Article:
Bernie Sanders' Facial Expressions Said It All During The Democratic Debate
In Sunday night's fourth Democratic debate in South Carolina, Bernie Sanders did not hold back his facial expressions when attacked by his biggest liberal rival — Hillary Clinton. As presidential candidates in a live televised forum, Sanders, Clinton, and Martin O'Malley typically maintain their composure when criticized by one another, the moderators, or the crowd. However, Sanders wasn't able to hide his emotions on Sunday, and gave Clinton major side-eye glares when she said something he didn't particularly like.
This certainly wasn't the first time Sanders got worked up during a debate, but his facial expressions were even more unfiltered this time around. The top two Democratic candidates didn't hold back in the NBC News/YouTube forum, growing more assertive and aggressive toward one another as the night went on. So, Sanders just couldn't help himself when Clinton claimed he hadn't supported President Obama and tried to find a candidate to run against Obama in a primary in 2011.
"He's criticized President Obama for taking donations from Wall Street, and President Obama has led our country out of the great recession," Clinton said of Sanders. "Senator Sanders called him weak, disappointing." After that line, Sanders' harsh side-eye couldn't be restrained and let everyone watching know there was a sharp response coming from the Vermont senator.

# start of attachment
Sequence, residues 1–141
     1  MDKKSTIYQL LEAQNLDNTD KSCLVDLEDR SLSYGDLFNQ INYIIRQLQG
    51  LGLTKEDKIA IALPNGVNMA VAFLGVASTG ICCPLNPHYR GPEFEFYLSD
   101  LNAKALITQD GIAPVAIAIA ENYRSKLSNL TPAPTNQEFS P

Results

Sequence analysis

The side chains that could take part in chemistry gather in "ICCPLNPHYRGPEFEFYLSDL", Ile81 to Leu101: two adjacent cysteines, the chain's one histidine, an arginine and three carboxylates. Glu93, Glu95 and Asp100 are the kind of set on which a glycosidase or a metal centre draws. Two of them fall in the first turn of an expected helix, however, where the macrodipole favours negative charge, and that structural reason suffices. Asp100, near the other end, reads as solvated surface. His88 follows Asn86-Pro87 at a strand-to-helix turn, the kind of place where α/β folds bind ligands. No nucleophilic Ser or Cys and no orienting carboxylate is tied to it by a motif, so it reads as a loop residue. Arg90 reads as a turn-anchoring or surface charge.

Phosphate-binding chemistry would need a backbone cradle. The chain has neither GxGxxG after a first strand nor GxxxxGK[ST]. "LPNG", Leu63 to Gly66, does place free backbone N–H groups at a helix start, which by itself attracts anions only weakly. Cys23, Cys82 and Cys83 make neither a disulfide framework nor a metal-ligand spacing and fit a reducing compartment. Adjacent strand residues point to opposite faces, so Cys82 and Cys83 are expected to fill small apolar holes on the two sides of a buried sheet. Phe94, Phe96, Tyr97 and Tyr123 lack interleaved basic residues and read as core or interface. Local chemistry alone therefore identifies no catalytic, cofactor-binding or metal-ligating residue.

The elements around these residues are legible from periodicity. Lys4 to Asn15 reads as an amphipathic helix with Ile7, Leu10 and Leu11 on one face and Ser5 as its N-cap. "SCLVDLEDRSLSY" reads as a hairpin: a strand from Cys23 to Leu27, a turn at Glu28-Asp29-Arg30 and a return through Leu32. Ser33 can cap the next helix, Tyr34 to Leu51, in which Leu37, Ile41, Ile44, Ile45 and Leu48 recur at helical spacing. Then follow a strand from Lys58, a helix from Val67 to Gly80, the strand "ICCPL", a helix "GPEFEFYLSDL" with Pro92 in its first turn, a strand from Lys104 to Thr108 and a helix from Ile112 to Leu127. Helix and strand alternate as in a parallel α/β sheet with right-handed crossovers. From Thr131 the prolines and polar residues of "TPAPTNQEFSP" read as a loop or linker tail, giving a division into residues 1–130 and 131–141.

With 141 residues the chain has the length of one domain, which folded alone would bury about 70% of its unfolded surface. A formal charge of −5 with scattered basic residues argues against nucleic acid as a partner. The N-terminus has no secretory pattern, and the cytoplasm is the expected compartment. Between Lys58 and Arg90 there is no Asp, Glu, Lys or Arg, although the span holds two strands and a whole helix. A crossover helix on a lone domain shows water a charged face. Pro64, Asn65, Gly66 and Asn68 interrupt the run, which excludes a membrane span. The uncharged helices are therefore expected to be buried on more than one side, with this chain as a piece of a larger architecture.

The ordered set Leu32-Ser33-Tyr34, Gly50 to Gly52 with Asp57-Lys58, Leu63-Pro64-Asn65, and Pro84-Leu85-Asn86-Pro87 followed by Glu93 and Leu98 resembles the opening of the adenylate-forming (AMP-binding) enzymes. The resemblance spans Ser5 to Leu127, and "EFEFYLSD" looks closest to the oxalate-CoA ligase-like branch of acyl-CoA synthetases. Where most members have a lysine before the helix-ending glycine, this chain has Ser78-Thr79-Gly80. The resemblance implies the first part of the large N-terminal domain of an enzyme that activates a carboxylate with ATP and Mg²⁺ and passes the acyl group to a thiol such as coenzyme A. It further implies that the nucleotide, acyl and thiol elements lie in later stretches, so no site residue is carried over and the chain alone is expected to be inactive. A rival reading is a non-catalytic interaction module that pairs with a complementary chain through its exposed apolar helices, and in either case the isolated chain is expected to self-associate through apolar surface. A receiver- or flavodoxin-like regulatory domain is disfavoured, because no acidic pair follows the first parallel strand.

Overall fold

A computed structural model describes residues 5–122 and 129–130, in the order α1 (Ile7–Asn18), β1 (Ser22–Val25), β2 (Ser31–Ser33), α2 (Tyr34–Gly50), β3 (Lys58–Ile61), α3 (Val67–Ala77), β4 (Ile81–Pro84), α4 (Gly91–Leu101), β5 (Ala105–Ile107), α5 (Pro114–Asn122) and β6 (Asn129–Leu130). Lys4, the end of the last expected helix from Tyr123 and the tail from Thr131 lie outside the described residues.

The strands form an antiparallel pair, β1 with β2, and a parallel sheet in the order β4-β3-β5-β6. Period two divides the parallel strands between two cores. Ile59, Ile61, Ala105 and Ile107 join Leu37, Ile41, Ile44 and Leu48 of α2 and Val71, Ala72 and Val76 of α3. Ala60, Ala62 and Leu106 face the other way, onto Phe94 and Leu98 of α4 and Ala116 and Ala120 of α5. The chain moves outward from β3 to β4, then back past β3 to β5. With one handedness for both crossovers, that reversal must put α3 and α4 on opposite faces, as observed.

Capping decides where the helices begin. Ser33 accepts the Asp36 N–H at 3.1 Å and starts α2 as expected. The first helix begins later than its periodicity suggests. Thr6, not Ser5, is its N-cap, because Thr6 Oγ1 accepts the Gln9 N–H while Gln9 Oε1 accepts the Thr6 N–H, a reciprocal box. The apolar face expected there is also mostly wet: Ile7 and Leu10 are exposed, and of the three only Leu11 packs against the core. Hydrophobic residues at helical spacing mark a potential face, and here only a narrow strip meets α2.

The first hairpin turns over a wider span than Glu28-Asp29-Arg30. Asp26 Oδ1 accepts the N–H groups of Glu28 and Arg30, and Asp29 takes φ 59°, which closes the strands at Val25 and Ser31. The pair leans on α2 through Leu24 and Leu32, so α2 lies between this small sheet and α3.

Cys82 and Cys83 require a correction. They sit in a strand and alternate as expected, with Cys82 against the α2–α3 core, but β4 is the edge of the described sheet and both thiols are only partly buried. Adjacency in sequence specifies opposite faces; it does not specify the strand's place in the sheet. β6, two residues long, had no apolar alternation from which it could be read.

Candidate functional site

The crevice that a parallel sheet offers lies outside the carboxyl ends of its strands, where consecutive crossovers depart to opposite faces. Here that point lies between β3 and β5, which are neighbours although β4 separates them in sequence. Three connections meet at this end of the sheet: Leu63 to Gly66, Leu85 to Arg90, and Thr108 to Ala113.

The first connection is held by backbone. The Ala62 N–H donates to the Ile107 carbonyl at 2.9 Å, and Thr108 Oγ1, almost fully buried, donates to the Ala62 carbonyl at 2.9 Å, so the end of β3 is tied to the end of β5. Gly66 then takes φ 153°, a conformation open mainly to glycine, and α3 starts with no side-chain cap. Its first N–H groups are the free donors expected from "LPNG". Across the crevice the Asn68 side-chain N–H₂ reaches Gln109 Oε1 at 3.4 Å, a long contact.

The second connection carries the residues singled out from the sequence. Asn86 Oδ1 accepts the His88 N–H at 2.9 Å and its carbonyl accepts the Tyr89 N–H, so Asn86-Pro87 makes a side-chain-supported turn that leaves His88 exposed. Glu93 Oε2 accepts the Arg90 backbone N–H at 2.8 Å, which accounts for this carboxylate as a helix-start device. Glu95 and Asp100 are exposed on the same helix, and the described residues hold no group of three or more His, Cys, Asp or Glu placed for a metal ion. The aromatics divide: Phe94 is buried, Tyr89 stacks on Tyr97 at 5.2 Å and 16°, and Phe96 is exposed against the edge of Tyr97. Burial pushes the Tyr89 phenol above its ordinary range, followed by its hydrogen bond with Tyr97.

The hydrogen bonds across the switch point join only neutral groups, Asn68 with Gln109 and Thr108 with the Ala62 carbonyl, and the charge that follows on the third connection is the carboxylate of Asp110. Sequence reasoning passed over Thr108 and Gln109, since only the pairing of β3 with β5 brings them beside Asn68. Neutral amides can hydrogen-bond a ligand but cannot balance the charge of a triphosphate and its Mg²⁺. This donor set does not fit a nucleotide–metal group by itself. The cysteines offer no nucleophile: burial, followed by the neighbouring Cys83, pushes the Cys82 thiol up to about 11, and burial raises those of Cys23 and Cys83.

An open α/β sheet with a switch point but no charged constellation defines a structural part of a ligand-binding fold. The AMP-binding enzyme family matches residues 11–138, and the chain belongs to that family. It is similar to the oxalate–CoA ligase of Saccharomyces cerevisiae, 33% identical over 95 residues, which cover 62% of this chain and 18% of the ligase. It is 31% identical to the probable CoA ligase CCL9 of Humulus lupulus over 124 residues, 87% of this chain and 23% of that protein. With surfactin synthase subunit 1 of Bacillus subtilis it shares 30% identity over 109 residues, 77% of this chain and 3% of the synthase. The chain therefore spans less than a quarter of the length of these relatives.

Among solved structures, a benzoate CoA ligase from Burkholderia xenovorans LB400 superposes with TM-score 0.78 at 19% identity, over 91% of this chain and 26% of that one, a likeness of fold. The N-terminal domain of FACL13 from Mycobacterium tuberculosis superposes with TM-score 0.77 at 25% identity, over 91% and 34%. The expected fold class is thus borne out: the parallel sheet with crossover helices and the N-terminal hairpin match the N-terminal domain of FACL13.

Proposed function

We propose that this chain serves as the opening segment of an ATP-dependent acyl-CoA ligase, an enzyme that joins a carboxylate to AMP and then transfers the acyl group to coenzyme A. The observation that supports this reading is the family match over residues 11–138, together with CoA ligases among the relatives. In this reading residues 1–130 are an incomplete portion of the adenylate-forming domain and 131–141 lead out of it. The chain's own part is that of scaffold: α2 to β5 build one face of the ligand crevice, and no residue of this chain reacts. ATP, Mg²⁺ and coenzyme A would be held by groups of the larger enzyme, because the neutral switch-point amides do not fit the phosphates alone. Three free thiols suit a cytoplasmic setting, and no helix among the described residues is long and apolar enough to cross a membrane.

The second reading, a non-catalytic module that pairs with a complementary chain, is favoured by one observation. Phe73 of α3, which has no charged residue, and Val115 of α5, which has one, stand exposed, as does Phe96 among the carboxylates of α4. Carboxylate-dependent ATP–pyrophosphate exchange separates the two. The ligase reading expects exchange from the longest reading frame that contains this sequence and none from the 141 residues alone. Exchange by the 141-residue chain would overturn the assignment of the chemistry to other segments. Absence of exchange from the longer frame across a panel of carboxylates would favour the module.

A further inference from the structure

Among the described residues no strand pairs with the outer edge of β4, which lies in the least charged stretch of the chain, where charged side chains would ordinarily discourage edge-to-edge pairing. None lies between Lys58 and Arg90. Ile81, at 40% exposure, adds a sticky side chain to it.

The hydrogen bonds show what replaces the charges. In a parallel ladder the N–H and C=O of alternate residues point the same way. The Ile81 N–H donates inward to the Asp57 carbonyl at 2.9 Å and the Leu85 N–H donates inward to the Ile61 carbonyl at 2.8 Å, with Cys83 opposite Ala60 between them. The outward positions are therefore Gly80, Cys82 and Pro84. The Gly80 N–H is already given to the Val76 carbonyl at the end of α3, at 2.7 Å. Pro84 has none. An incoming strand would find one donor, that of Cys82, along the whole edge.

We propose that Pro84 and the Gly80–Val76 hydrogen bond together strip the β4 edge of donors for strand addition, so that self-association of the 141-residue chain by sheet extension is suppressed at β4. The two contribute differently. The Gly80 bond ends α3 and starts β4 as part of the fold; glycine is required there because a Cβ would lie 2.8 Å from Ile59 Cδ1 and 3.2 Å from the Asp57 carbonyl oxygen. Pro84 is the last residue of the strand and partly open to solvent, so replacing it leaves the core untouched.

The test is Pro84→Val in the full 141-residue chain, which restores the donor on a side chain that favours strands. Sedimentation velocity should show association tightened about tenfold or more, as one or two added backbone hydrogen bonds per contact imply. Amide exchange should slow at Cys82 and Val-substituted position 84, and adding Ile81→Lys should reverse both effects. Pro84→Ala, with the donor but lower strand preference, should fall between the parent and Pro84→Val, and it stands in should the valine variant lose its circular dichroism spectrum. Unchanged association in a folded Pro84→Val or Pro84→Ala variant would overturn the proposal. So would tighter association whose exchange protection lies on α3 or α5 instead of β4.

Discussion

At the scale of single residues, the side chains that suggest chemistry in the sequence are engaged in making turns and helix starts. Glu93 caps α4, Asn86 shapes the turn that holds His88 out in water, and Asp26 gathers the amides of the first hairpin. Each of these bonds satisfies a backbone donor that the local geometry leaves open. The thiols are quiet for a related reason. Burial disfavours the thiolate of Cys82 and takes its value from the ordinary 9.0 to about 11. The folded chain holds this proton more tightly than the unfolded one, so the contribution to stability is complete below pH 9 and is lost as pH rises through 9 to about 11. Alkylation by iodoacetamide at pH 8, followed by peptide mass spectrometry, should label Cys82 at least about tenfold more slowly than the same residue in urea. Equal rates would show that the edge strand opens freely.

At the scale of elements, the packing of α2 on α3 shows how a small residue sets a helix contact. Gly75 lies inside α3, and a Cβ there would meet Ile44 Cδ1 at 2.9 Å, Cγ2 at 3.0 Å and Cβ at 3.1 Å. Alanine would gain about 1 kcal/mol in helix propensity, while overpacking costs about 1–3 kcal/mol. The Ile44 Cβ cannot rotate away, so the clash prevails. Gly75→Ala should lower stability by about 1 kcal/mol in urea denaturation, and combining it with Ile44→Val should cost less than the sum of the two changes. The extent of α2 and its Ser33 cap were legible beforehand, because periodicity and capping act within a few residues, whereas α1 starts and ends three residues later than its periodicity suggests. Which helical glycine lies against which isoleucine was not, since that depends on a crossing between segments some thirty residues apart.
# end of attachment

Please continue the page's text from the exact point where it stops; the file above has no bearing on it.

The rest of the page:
Sanders immediately responded to Clinton's personal attack, telling voters:
Set the record right. In 2006 when I ran for the Senate, Senator Barack Obama was kind enough to campaign for me, 2008, I did my best to see that he was elected and in 2012, I worked as hard as I could to see that he was reelected. He and I are friends. We've worked together on many issues. We have some differences of opinion.
Although this monumental side-eye was hard to miss, Sanders' facial expressions throughout the debate were very candid, showing viewers exactly how he felt about all of Clinton's comments. Of course, the opponents disagree on how the next president should handle issues like health care, big banks, and campaign finance, but the rivalry grew more intense in the last Democratic debate before the first caucuses in Iowa kick off Feb. 1. Along with being super entertaining, Sanders' extra-expressive faces highlighted his increasing frustrations with the Clinton campaign's criticisms of his actions and ideologies, which are growing more harsh as the weeks pass.
Regardless, that intense side-eye could burn a hole through a wall.
Image: Caroline Wurtzel for Bustle, Getty Images